C.S.N.Murthy reported in AIR 1992 SC 1368 wherein the Apex
Court has observed ad infra:-
“There was a very limited scope of judicial review in a case of compulsory
retirement and it was permissible only on the grounds of non-application of
mind; mala fides; or want of material particulars. Power to retire
compulsorily a Government servant in terms of Service Rules is absolute,
provided the authority concerned forms a bona fide opinion that compulsory
retirement is in public interest”.
Taking note of later decision of the Apex Court, three
Judges Bench of Apex Court in Pyare Mohan Lal Vs. State of
Jharkhand and Ors. reported in AIR 2010 SC 3753 observed
ad infra:-
“Thus, the law on the point can be summarized to the effect that an order of
compulsory retirement is not a punishment and it does not imply stigma
unless such order is passed to impose a punishment for a proved
misconduct, as prescribed in the Statutory Rules”.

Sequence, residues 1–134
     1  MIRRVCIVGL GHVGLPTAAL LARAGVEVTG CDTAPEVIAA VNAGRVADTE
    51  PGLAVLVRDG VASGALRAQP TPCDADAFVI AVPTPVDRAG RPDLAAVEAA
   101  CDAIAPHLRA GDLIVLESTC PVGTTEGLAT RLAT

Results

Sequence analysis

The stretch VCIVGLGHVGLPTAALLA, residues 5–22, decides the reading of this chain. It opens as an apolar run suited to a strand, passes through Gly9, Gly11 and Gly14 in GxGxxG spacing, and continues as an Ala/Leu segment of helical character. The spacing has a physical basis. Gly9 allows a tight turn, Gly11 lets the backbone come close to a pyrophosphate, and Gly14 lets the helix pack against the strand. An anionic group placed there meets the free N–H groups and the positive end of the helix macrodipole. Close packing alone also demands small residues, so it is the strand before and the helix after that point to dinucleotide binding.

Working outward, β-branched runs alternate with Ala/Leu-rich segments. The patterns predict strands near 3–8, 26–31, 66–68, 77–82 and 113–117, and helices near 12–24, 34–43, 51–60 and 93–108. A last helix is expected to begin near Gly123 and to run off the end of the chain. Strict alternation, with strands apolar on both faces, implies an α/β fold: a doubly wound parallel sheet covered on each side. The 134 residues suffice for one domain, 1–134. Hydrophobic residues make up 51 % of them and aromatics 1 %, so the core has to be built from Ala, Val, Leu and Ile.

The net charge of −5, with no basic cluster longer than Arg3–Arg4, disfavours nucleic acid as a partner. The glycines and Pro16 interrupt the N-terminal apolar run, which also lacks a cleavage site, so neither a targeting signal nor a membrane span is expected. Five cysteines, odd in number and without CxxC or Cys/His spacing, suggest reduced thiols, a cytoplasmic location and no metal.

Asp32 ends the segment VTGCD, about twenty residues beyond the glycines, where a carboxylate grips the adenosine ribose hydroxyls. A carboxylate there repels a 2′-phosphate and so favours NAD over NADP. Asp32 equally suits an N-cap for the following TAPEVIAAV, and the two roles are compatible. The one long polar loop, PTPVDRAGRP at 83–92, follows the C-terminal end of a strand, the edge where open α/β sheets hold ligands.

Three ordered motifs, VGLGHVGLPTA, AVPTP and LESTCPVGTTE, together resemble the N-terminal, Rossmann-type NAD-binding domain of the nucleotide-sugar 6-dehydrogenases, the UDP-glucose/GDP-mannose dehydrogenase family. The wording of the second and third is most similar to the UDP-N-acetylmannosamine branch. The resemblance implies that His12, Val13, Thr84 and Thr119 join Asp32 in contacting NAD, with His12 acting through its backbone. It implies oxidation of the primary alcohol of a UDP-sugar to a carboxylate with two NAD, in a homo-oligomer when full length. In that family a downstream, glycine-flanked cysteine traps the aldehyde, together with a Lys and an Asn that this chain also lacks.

The above settled principles as regards judicial service
came to be examined by the Apex Court in Nawal Singh Vs.
State of U.P. and Anr. reported in (2003) 8 SCC 117, wherein
the Apex Court observed ad infra-
“The judicial service is not a service in the sense of an employment. Judges
are discharging their functions while exercising the sovereign judicial power
of the State. Their honesty and integrity is expected to be beyond doubt. It
should be reflected in their overall reputation. Further nature of judicial
service is such that it cannot afford to suffer continuance in service of
persons of doubtful integrity or who have lost their utility. If such
evaluation is done by the Committee of the High Court Judges and is
affirmed in the writ petition, except in very exceptional circumstances, the
Supreme Court would not interfere with the same, particularly because the
order of compulsory retirement is based on the subjective satisfaction of the
authority. The present appeals are required to be decided on the basis of the
said principles”.
This fact cannot be ruled out that judicial service is not a
service in the sense of employment and as is commonly
understood Judges are discharging their functions exercising the
sovereign judicial power of the State. Their honesty and integrity
is expected to be beyond doubt. It should be reflected in their
overall reputation. There is no manner of doubt that the nature